Soul Full of Heart
Where does the time go? It has already been 3 years since Heart's last studio album, the fine Jupiters Darling. Fans waiting for the next one can tide themselves over with several projects, both band and solo.
First, there's the just-released Dreamboat Annie Live, which is exactly what the title says. Similar to Eagle Vision's TV-on-DVD series of "Classic Albums," Shout! Factory has launched a DVD (and CD) series of "Legendary Albums Live," from shows first aired on DIRECTV. But whereas the Eagle Vision DVDs examine the original studio recordings, the Shout! Factory idea is to focus on a contemporary concert of an entire album, track by track, in the original running order.
And the first entry, Dreamboat Annie, certainly qualifies as a legendary album. Home to "Magic Man," "Crazy on You," and so much more, Heart's 1976 debut (now 31 years old!) has proved hugely influential. On Dreamboat Annie Live, Ann and Nancy Wilson and their current band (left) are seen playing the album at the Orpheum Theatre in Los Angeles on April 17, 2007. Of course, "current band" means that the original guys who helped create the Heart sound - guitarist Roger Fisher, keyboardist/guitarist Howard Leese, bassist Steve Fossen, and drummer Michael Derosier - are nowhere to be found. Which, in turn, means that things here lack much of the finesse that those musicians brought to Heart.
So, yeah, this is a different-sounding and different-looking band, but one thing has barely changed: the power of Ann's voice. How did she ever take such good care of her instrument?
Further, true fans will relish the first encore here: "Mistral Wind." I will never forget that in a Rolling Stone interview many years ago (probably conducted by Nancy's then husband-to-be, Cameron Crowe), the band cited "Mistral Wind" as the one track that, it hoped, would stand the test of time as the band's own "Stairway to Heaven," or something along those lines. And even though it thuds a bit here, it still sounds great. Speaking of Led Zeppelin . . . since another idea of this series is to have the band encore with covers of artists that influenced it at the time, Heart's encore continues with "Black Dog" and "Misty Mountain Hop" as well as Pink Floyd's "Goodbye Blue Sky" and the Who's "Love, Reign O'er Me."
The DVD is in 16:9 widescreen and Dolby Digital 5.1 surround sound. Extras include reflective interviews with Ann and Nancy and a gallery of vintage photos/clippings. The concert alone is also available on CD.
Next up: Alive in Seattle - back on Aug. 8, 2002. Yes, this is the same gig that was released in 2003 on an Image DVD, an Epic/Legacy CD, and even an Epic/Legacy surround SACD. But Image has reissued it on HD DVD - which is only fitting, as the concert was shot in high-def. Alas, I haven't found time to live with the HD DVD yet, but I can tell you that what was once Dolby Digital and DTS surround sound on the standard DVD is now Dolby Digital Plus and Dolby Digital TrueHD. Unfortunately, it's all still in 5.0 channels - yup, no subwoofer. But you do get 16:9 widescreen.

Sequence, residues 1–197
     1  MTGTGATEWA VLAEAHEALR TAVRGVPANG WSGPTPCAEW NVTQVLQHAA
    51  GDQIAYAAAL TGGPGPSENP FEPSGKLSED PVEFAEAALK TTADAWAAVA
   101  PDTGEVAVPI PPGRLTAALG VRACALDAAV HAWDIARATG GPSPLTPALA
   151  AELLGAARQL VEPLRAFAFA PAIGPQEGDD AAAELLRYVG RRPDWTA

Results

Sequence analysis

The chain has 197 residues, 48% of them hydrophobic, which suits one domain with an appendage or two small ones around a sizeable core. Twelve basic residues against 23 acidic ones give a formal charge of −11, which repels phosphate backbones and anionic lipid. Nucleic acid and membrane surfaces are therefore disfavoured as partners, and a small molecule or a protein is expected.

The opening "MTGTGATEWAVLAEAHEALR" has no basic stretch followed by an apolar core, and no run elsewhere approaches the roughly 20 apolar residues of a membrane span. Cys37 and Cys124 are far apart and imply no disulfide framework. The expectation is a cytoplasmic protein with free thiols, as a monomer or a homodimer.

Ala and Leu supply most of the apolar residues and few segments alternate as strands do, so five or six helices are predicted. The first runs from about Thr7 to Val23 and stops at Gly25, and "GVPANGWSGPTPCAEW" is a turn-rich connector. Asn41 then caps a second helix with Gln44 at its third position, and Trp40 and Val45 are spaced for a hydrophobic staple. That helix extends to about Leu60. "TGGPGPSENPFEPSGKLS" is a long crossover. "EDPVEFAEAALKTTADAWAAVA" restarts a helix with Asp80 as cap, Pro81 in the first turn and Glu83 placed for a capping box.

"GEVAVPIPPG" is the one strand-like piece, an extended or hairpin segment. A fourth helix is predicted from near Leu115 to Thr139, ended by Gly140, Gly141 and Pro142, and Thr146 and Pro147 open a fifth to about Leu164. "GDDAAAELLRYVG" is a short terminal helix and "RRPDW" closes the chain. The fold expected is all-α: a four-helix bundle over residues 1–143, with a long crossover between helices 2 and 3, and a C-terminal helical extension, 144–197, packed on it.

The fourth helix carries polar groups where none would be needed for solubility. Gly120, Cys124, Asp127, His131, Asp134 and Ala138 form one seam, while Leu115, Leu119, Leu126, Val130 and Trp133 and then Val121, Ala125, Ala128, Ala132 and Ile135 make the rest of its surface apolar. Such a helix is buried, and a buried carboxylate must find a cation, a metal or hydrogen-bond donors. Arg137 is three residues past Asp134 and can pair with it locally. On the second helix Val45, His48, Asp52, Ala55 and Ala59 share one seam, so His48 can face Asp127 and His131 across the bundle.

"Magic Man" and "Crazy on You" are here, of course, as are "Mistral Wind" and "Black Dog" (and a different Zeppelin cover, "The Battle of Evermore") as well as Elton John's "Mona Lisas and Mad Hatters." Plus "Barracuda," "Love Alive," "Straight On," "Dog and Butterfly," "These Dreams," "Alone," and more on this career-spanning set - all the way up to several then-new tracks ("Sister Wild Rose," "Heaven," "Break the Rock"). Meanwhile, the band here (above) - sharing only drummer Ben Smith from the Dreamboat Annie Live lineup - sounds decidedly friskier than what Heart would become 5 years later.
And finally: Ann Wilson's first solo album, Hope & Glory, released by Zoë/Rounder in September. It's a collection of covers, and some of the familiar suspects are here: Elton John (who actually duets with Ann on "Where to Now, St. Peter?"), Pink Floyd ("Goodbye Blue Sky" again), and, natch, Led Zeppelin (a nicely deconstructed "Immigrant Song"). But then there's stuff like Lucinda Williams's "Jackson" (with k.d. lang) and Neil Young's "War of Man" (with Alison Krauss) - stuff that helps give this album, as produced by Ben Mink, a rich, organic feel.
Sister Nancy stops by for the Pink Floyd track as well as two Youngbloods numbers - not just "Get Together" but also "Darkness Darkness." There's a lot of darkness on this album, because Ann has Iraq and other troubles on her mind. Thus, we also get John Lennon's "Isolation," Creedence Clearwater Revival's "Bad Moon Rising" (with Gretchen Wilson), and Bob Dylan's "A Hard Rain's a-Gonna Fall" (with Rufus Wainwright and Shawn Colvin) - not to mention, hell, "We Gotta Get Out of This Place," the old Animals track in a performance with Wynonna.
It all wraps up with one new original track: "Little Problems, Little Lies," which, according to Ann, is about "a soldier in Iraq laying down to die, bewildered and summing things up." And it's a powerful end to a genuinely affecting, beautifully sung album. No bludgeony covers here, folks - just real interpretations.
So, you have to wonder: With Jupiters Darling and Hope & Glory being the last two all-new releases from the Heartfront, can we expect another fresh-sounding band effort soon? Here's hoping. -Ken Richardson